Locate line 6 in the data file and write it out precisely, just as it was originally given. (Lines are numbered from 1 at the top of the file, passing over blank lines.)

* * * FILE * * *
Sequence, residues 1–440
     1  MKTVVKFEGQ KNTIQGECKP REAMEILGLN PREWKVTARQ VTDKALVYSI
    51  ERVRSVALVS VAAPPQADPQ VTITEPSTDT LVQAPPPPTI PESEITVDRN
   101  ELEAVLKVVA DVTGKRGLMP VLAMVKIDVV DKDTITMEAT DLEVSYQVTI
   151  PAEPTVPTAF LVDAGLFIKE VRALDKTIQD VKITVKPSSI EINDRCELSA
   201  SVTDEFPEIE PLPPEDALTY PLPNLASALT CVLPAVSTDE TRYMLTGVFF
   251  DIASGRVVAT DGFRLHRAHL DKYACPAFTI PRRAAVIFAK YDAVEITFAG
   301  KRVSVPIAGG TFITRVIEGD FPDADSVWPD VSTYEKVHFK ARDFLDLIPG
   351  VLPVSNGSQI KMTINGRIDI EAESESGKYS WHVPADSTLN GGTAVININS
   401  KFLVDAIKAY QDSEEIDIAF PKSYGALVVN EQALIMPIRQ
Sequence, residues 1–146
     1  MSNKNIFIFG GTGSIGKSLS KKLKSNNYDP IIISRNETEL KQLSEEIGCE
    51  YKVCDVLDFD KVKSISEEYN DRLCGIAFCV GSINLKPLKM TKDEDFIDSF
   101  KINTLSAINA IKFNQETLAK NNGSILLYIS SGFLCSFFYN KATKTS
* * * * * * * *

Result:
   201  SVTDEFPEIE PLPPEDALTY PLPNLASALT CVLPAVSTDE TRYMLTGVFF